Consumer confidence may be strong but it still is not translating to strength for consumer spending. Retail sales were unchanged in April. Excluding autos, sales did rise but only barely at plus 0.1 and below expectations for 0.5 percent, while excluding both autos and gasoline, sales rose 0.2 percent vs expectations for a 0.4 percent gain.
The surprising part of the report isn’t the weakness in motor vehicles, which was signaled by weak unit sales and which fell 0.4 percent in the month, but weakness in some of the core readings including department stores which fell a very steep 2.2 percent and electronics & appliances which fell 0.4 percent for a 7th straight decline. Both furniture and food & beverages also show declines.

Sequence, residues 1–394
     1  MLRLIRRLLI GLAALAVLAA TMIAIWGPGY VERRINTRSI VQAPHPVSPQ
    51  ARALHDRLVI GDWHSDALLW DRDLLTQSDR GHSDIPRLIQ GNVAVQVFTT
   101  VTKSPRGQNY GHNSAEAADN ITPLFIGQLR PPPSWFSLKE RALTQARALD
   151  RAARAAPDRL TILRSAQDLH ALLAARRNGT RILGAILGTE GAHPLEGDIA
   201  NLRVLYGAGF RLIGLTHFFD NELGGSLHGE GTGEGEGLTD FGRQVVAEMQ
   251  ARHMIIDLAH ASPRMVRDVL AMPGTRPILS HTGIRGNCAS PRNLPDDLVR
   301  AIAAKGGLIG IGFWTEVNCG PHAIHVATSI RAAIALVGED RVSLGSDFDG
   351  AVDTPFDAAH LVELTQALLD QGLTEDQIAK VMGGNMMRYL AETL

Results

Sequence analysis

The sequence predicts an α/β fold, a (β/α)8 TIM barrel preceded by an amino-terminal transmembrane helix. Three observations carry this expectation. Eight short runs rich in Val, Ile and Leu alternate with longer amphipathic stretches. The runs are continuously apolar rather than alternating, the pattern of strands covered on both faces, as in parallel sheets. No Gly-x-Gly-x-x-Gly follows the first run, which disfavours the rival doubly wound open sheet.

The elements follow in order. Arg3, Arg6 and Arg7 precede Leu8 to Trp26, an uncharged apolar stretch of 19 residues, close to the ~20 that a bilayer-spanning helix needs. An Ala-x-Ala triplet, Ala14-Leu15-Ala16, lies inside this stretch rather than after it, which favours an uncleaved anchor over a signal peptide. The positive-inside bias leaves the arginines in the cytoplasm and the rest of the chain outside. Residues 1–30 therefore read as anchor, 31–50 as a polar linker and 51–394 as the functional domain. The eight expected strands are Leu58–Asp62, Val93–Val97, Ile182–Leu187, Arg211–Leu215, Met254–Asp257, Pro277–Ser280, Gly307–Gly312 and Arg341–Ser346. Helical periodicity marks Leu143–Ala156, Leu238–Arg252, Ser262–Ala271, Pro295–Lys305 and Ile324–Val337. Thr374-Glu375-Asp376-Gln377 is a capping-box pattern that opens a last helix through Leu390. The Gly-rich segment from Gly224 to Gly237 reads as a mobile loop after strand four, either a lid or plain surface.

Year-on-year rates show just how weak growth in the retail sector has been. Total retail sales are up only 0.9 percent year-on-year, down from 1.7 percent in March. This is the lowest rate since late 2009. Excluding motor vehicles, year-on-year sales are unchanged, again the lowest reading since late 2009. Ex-auto ex-gas, sales are up a respectable 3.4 percent but, compared to 3.9 percent in March, are going in the wrong direction.